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What Students are saying:

If you are interested in contacting any of the developers listed  about their experiences in the workshops email the iPhone Boot Camp and we will provide you with their contact information:

Chicago iPhone Boot Camp:

“The Chicago iPhone Boot camp training was worth every penny spent, every minute attended, and every mile driven (400 miles total).  I was very happy with the trainer Arek.  He did a great job.  He’s very knowledgeable with  good presentation and training skills” – Mazen Neffakh

San Francisco iPhone Boot Camp

“ The San Francisco trainer Neal Goldstein definitely made this course unique, practical and worth the expense by heading off the “trouble spots” of various areas of iPhone programming, rather than just teaching a vanilla curriculum that you could download from iTunes. Every hour of the course was packed with useful information and exercises; not one soul out of the 15 or so developers who attended the course left early on any given day. I am very glad I made the investment. ”-  Craig J.

New York City iPhone Boot Camp

“If you want to develop apps on the iphone you need this NYC intensive workshop. Don’t try this on your own, unless you have a couple of months to spare ” —Craeg K Strong – lead developer,

London iPhone Boot Camp

“Just thought I would give you some feedback after attending the London iPhone  bootcamp. Well after 3 long days all I can say is what a fantastic course. I think we were lucky having Charles as here is someone who not only demonstrated an absolutely fantastic knowledge of the subject he was teaching but was very patient and stayed past 6 each night for as long as was needed to help the students.”- Gary Kind


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iPad App Store hits 3 billion downloads, represents 19% of Apple’s iOS devices

apple iPad App Store hits 3 billion downloads, represents 19% of Apples iOS devices
There have been 3 billion downloads of App Store applications designed specifically for Apple’s iPad, representing 19 percent of all iOS App Store downloads, a new study has found.

ABI Research announced in a press release on Wednesday that it has estimated 3 billion applications have been cumulatively downloaded since the iPad first launched in 2010. The iPad represents nearly a fifth of all cumulative iOS downloads, despite the fact that it debuted nearly three years after the iPhone, and two years after the iOS App Store opened.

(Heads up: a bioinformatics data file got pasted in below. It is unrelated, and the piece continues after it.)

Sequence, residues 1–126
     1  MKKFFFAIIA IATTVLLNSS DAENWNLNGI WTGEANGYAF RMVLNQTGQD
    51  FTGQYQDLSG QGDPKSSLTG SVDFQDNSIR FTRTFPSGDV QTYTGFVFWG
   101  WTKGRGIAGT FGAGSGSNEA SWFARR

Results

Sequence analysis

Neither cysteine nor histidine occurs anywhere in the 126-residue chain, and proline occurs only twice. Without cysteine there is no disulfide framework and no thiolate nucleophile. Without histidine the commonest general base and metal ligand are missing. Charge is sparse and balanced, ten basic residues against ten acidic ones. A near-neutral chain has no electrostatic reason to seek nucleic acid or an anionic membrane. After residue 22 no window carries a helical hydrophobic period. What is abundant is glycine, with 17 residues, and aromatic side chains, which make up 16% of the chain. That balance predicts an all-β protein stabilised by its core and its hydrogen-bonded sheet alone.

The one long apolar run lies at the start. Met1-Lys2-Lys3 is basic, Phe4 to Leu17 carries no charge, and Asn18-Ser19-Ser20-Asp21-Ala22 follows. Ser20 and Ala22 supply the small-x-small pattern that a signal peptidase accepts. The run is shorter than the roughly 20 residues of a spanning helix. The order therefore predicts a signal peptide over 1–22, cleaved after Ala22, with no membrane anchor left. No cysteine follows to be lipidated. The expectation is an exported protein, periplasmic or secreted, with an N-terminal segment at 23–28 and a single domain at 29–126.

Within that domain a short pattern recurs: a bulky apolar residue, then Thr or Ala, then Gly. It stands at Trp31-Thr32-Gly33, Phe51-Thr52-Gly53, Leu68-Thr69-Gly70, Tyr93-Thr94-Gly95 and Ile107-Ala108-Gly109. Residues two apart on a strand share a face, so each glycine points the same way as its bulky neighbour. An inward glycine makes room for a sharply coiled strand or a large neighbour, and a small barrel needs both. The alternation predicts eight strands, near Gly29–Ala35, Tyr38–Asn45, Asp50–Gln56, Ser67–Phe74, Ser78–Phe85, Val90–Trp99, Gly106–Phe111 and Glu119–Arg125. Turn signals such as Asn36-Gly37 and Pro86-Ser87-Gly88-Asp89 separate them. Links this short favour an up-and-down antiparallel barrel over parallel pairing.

“Discounting all of those apps that were originally downloaded for Android smartphones, Android still trails greatly behind the iPad in terms of its tablet app offerings,” research associate Lim Shiyang said. “Many Android tablets in the market are still using older versions of Android, which disadvantages users from enjoying the better effects of apps produced from more advanced software development kits.”

ABI estimates that there are 120,000 applications that have been created specifically for the iPad available on the App Store as of the third quarter of 2011. That number and timeframe is consistent with news that surfaced last June after the number of applications on the App Store topped 100,000.

The growth of iPad-specific applications and downloads of iPad software is comparable to the explosive start the iPhone had when the App Store first opened. Apple announced that iPhone and iPod touch application downloads had topped 3 billion in early January of 2010, or less than 18 months after the App Store opened.

ABI’s tablet data does not include iPhone applications, which can also be run from the iPad but do not take advantage of the tablet’s larger 9.7-inch multi-touch display. The research firm has also predicted that Android tablets will gain more traction in terms of applications with the release of Android 4.0 “Ice Cream Sandwich,” which enhances tablet support for the mobile operating system over its predecessor, Android 3.0 “Honeycomb.”

The data comes from ABI Research’s “Mobile Applications Market Data,” which tracks mobile application downloads and revenues segmented by mobile operating system platform. Included in the database are historical data and forecasts for application downloads, as well as revenue forecast and an overview of mobile storefronts like Apple’s App Store and the Android Market.

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iPhone Boot Camp Special Silicon Valley iPad Meeting

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Apple Has Paid App Developers $2 Billion So Far

jobs3 Apple Has Paid App Developers $2 Billion So Far
The ongoing rivalry between Apple and Google continues to heat up. Both platforms offer hundreds of thousands of apps, both platforms have superior mobile devices to compliment their OS, and both platforms are pushing ahead in the world of tablets.